It is noted that this Babri Masjid dispute is not just a title dispute, though in legal terms, it is a civil suit pertaining to the title of the land. As opposed to the Hindu groups saying that it is ostensibly a matter of ‘faith’, to all believers in the Constitution, it is about justice, fairness and restitution of the horrific crime of the demolition of the mosque. Leaving aside the question that in light of the failure of so many previous attempts at mediation, the issue is should the Justices of the Highest Constitutional Court of this country abdicate its judicial duties in favour of ‘mediation’? And mediation between whom? Between the parties in the suit or the two communities of Hindus and Muslims? Whether these few parties in the civil suit going to represent their own views or also claim to represent the views of millions of community members? These are all vexed questions, with no easy answers.
And the biggest irony is the choice of mediators, i.e., Sri Sri Ravi Shankar, who is almost a mouth piece of the Modi Government and had openly said that Muslims should give up their claims on the Ayodhya land, where the demolished Babri Masjid stood. Should the Court not checked the background of the mediators before suggesting? And also taken into account the timing of mediation. A dispute dating back more than 100 years cannot be expected to be sorted in a span of 2 months, and that too in the middle of a general election of 2019. This is the most inappropriate time, considering how toxic the socio-political system has become against the Muslim community, where their daily lives are under assault everyday, where they are at the risk of being lynched for merely being ‘Muslims’. How is mediation even possible in this completely unequal context? Though the Court had mandated that the mediation proceedings would be confidential, we all know how information is deliberately leaked to the media by vested interests.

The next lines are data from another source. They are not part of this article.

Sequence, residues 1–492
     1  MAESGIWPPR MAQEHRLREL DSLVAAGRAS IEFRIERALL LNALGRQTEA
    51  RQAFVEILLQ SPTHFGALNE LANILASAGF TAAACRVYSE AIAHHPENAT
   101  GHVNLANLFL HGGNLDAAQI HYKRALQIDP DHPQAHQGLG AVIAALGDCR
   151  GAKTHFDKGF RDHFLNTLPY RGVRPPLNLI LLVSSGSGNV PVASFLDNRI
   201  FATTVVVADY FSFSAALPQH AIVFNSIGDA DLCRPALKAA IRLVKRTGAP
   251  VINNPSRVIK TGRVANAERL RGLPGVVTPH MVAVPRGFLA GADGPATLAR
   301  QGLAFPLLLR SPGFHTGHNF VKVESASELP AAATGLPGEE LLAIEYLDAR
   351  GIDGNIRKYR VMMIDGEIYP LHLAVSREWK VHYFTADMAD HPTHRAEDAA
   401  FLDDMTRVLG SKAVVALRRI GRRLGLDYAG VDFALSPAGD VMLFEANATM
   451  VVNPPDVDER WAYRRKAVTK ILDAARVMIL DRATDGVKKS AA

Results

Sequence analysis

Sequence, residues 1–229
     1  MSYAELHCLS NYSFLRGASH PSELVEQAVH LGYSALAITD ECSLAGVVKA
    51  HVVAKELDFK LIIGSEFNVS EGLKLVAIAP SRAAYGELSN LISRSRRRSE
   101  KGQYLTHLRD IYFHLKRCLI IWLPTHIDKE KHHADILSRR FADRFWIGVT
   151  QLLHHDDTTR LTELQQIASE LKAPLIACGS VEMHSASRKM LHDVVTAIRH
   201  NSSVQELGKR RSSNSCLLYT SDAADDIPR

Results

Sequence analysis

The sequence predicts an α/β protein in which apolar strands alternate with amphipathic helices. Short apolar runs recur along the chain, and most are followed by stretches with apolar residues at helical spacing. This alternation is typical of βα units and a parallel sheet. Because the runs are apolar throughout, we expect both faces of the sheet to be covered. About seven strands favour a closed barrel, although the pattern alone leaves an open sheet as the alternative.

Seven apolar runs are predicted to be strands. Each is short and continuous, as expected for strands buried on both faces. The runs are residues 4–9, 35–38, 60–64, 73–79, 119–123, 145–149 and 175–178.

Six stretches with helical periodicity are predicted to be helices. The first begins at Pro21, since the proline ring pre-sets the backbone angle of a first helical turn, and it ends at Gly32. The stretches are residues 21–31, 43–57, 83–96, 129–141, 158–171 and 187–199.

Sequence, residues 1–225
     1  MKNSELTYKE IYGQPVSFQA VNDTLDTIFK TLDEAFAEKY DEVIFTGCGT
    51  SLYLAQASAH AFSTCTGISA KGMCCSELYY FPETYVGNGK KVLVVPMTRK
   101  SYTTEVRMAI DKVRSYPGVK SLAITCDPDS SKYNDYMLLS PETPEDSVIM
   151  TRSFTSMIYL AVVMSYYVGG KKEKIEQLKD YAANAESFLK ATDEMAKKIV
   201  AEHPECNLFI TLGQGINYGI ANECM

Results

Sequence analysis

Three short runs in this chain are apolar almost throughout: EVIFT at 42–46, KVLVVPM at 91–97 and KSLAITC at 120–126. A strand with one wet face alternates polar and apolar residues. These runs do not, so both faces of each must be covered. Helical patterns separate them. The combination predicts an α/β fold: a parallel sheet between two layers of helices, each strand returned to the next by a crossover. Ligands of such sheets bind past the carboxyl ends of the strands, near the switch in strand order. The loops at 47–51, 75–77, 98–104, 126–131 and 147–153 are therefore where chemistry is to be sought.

When Justice Bobde talked about the need for healing, it is just healing of relations between the two communities, in fact, it is essentially the country of India that needs to heal itself, from the brutal assault on its secular and social fabric from 1992 onwards, and which reached its peak in the last five years. The Supreme Court ought to have seized the opportunity to make a statement that the judicial process could not be hijacked for vile electoral gains, and unless the culprits of the mosque demolition are punished as per law, no mediation was possible. Alas, like often these days, the Supreme Court failed in its basic duty, i.e., to protect the Constitution and its inherent values of secularism and minority rights. (IPA Service)